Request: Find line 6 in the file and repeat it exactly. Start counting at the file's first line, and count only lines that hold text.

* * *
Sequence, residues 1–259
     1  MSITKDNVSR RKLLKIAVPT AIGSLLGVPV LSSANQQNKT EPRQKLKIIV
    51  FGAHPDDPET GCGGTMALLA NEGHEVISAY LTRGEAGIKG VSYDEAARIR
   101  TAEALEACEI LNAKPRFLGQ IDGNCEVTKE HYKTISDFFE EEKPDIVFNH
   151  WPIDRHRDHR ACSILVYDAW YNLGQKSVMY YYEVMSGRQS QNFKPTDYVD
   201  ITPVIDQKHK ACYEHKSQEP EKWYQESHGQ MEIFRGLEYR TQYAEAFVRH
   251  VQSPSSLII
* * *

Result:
   201  ITPVIDQKHK ACYEHKSQEP EKWYQESHGQ MEIFRGLEYR TQYAEAFVRH